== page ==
The results of a decade-long investigation suggest that methane emissions from natural resources will be higher than predicted. According to the study, global warming is shifting the balance of the microbial communities that regulate methane within ecosystems.
Two types of microorganisms are responsible for the production and removal of methane. Methanogens naturally produce methane, while methanotrophs convert it into carbon dioxide.
Past studies have found evidence that these processes will respond to global warming differently.
For the current study, researchers conducted experiments in artificial ponds for 11 years to examine how freshwater microbial communities respond to rising temperatures.
The team found that global warming increased methane production, but not methane removal. The disproportionate effects led to higher methane emissions that have not been identified in previous studies that focused on temperatures alone.
Study co-author Mark Trimmer is a professor of Biogeochemistry at Queen Mary University of London.
“Our observations show that the increase in methane emissions we see is beyond what you could predict based on a simple physiological response to the temperature increase,” said Professor Trimmer.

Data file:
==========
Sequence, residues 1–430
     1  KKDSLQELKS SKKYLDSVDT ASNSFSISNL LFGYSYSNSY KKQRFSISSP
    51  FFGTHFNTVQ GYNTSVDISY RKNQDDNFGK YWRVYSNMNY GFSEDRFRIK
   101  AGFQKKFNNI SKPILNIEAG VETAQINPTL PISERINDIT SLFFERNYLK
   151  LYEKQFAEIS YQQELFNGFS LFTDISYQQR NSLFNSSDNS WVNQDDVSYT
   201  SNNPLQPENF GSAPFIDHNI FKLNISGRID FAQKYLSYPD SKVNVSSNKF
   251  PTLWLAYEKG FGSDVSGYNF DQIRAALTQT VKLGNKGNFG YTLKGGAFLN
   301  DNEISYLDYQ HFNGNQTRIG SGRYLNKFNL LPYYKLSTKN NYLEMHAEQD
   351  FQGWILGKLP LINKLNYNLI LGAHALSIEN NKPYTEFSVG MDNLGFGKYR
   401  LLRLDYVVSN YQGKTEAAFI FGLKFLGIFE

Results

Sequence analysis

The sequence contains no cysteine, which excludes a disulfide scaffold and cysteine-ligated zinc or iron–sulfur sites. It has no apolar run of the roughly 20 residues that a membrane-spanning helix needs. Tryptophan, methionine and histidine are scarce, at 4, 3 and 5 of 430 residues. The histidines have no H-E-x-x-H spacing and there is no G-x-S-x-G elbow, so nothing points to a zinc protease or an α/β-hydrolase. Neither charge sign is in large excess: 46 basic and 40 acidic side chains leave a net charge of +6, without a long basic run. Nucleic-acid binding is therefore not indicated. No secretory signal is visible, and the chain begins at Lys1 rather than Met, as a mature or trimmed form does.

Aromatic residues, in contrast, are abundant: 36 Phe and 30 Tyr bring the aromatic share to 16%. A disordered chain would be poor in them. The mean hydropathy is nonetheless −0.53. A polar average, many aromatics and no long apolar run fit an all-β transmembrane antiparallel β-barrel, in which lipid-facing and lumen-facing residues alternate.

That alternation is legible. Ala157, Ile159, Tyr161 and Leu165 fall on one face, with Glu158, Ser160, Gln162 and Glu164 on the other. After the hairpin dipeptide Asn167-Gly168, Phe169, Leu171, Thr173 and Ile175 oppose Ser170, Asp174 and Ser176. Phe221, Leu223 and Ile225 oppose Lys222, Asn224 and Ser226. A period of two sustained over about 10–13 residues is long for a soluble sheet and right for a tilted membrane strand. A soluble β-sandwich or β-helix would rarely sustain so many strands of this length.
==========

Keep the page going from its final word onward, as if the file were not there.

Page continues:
“Long-term warming also changes the balance in the methane-related microbial community within freshwater ecosystems so they produce more methane while proportionately less is oxidized to carbon dioxide.”
“As methane is a far more potent greenhouse gas than carbon dioxide, together these effects increase the global warming potential of the carbon gases released from these ecosystems.”
The research team also conducted a meta-analysis of published data on methane emissions from wetlands, forests, and grasslands worldwide. The analysis confirmed that ecosystems produce a disproportionate amount of methane in response to warming, resulting in a higher rate of emissions.
“Our findings fit with what we see in the real world for a wider variety of ecosystems,” said Professor Trimmer. “Together these results suggest that as Earth temperatures increase through global warming, natural ecosystems will continually release more methane into the atmosphere.”
Over a 100-year period, methane has about 28 times the global warming potential of carbon dioxide. At least 40 percent of methane is released from freshwaters such as wetlands, lakes, and rivers.
Study co-author Dr. Kevin Purdy is an associate professor of Microbial Ecology at the University of Warwick.
“Our studies have led to a better understanding of how global warming can affect methane emissions from freshwaters,” said Dr. Purdy. “This means that future predictions of methane emissions need to take into account how ecosystems and their resident microbial communities will change as the planet warms.”
The study is published in the journal Nature Climate Change.